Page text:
Primo de Rivera: “Freedom does not exist except within an order”

Freedom does not exist except within an order

I was very pleased to have one of my young driver’s education students, in response to a comment on the importance of following “the rules of the road,” respond, “Without order, there’s chaos.” Maybe there is hope for the rising generation, after all!

Indeed, freedom is only possible within order: in chaos, or raw anarchy, the only persons to have “freedom” are those in the highest positions of power. An orderly society both protects the rights and also enunciates the responsibilities of all members.

The Constitutional, representative Republic bequeathed us by our Founders is one way of accomplishing this end, and, so long as their prescription was faithfully followed, an effective one. But it is not the only approach; King Charles I of England, executed by the “Roundhead” Parliament during the English Civil War, articulated another:

“No man in England is a better friend to liberty than myself, But I must tell you plainly that the liberty of subjects consists not in having a hand in the government, but in having that government, and those laws, whereby their lives and their goods may be most their own.”

James Kiefer goes on to elaborate,

“one may reasonably ask of a government that it establish justice in the land; so that judges do not take bribes, so that innocent men are not convicted of crimes, while the guilty are convicted and punished, so that honest men need fear neither robbers nor the sheriff. One may further ask that taxes be not excessive, and that punishments be not disproportionate to the crime. Charles would have said, ‘Do not ask whether the laws were made by men whom you elected. Ask whether they are reasonable and good laws, upholding justice and the public weal.'”

These principles are equally manifest and necessary whether the source of orderly government and society is viewed as “top-down” (from God, through a Monarch, to the people) or “bottom-up” (ultimately from God – if you read the Declaration of Independence – but flowing through the sovereignty of the people to those elected to perform the functions of government).

Like a human person whose physical being is defined by skin and skeleton, a cell defined by its walls, a poem defined by form and meter, a country defined by its borders, or art or music defined by the conventions thereof, one’s freedom can be expressed most fully within an orderly society. The alternative is indeed chaos, and the “freedom” thus engendered is temporary and illusory.

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George Washington’s wisdom

Just created this a little bit ago. It seemed apt, in light of the Las Vegas massacre, among many other things…

George Washington - Believe me now?

The words are from then-President George Washington’s “Farewell Address” (1796). By “religion and morality” is meant Christian religion and morality, or at any rate the Judeo-Christian religious and moral tradition which has formed one of the major underpinnings of Western civilization for the last 1500+ years.

We have, as a culture (if one can use the term, currently…) and society, been abandoning this “great pillar of human happiness” – along with other pillars of our civilization, such as the Greco-Roman political and philosophical tradition, and the courage, passion, and physical prowess of our Celtic and Germanic forebears – at an alarming rate over the last 50 to 75 years, and I think it is not coincidental that we have also seen our civilization in steep and accelerating decline over the same period.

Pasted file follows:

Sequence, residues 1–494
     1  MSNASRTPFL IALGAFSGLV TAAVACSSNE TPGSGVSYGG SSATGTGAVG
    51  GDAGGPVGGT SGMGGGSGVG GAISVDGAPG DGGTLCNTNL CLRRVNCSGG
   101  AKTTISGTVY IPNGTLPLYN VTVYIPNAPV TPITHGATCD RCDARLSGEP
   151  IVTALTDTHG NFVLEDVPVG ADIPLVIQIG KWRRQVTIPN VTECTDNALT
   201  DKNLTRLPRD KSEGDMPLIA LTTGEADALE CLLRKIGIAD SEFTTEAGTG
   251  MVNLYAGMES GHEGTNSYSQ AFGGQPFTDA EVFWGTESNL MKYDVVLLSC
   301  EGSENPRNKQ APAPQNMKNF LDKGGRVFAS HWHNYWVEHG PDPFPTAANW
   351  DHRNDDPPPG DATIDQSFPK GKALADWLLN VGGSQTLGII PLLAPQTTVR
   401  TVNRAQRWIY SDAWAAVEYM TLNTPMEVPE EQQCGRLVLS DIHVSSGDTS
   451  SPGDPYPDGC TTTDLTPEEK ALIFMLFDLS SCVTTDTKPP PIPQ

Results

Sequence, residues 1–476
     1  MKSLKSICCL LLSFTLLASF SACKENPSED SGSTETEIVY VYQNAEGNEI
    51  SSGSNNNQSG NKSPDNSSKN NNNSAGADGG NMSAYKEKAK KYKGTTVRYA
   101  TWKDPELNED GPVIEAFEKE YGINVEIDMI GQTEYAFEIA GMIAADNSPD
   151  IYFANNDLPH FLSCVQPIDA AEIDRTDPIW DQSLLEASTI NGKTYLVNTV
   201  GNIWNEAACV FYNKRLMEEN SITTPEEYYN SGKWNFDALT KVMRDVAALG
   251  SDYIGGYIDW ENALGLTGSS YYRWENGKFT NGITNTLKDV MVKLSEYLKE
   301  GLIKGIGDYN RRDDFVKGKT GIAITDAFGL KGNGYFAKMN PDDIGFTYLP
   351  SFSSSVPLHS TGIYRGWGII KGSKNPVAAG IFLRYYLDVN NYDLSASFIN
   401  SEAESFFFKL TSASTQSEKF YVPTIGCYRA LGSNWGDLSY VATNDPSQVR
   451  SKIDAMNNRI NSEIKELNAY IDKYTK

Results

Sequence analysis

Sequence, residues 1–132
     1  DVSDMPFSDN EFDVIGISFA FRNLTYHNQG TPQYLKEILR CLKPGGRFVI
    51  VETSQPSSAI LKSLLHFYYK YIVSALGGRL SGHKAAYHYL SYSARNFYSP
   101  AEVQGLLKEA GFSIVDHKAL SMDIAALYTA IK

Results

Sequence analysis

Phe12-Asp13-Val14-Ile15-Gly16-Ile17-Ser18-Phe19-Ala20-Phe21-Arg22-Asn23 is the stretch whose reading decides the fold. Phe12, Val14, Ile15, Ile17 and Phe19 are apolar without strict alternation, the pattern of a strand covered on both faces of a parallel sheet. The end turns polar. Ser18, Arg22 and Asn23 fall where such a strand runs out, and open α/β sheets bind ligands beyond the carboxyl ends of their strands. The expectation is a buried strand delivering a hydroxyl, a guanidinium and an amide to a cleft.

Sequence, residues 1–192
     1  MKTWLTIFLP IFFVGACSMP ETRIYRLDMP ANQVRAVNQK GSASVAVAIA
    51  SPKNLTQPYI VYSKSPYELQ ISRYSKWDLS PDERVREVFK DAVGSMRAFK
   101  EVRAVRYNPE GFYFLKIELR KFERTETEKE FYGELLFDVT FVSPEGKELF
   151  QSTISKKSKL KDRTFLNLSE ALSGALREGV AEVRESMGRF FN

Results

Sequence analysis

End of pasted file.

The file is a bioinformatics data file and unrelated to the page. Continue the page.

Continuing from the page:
A tree cut off from its roots does not grow, blossom, and bear fruit: it withers. The same is also true of a culture.

The prescient wisdom of Robert E. Lee

General Lee - portrait photograph

“I yet believe that the maintenance of the rights and authority reserved to the states and to the people, is not only essential to the adjustment and balance of the general system, but the safeguard to the continuance of a free government. I consider it as the chief source of stability to our political system, whereas the consolidation of the states into one vast republic, sure to be aggressive abroad and despotic at home, will be the certain precursor of that ruin which has overwhelmed all those that have preceded it.”

~ Robert E. Lee in correspondence with Lord Acton

As “Marse Robert” accurately perceived, our Founders carefully set up a detailed and intricate system of “checks and balances” to preserve our Constitutional liberties, and our status as not a pure democracy, but a representative Republic.

And that included not only a balance of power between and among the three branches of government (executive, legislative, and judicial), but between the Federal government and the States. Indeed, it it worth noting that the Preamble to the Constitution speaks of the establishment of a Constitution “for these United States.” Note that: “for these” States, as distinct, sovereign entities, not “for the” single entity called “the United States.” That is not accidental, or an infelicitous choice of words!

Unfortunately, since our Founding, the corruption that comes with the desire for power has been leading the Federal government to constantly accrue powers to itself, against the clear directive of the Constitution: “The powers not delegated to the United States by the Constitution, nor prohibited by it to the states, are reserved to the states respectively, or to the people” (the Tenth Amendment).

President Lincoln’s determination to preserve the Union even at the cost of the Constitution – against which Lee, at the head of the Army of Northern Virginia, so ably but ultimately unsuccessfully contended – was a body-blow to the Founders’ intentions, and the pace of Federal usurpation has been accelerating ever since. For many of us, “aggressive abroad and despotic at home” is not too strong an expression of the unfortunate result.